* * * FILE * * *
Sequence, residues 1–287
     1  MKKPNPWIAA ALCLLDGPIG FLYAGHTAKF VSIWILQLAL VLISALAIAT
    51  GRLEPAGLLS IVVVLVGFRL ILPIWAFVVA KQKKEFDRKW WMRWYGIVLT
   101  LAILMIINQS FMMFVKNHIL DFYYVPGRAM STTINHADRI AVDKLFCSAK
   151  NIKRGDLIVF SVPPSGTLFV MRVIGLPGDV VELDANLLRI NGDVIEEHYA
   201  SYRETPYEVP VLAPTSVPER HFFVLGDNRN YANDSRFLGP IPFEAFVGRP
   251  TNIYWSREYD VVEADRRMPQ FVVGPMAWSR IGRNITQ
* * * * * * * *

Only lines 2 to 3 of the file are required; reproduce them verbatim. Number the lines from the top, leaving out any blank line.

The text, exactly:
     1  MKKPNPWIAA ALCLLDGPIG FLYAGHTAKF VSIWILQLAL VLISALAIAT
    51  GRLEPAGLLS IVVVLVGFRL ILPIWAFVVA KQKKEFDRKW WMRWYGIVLT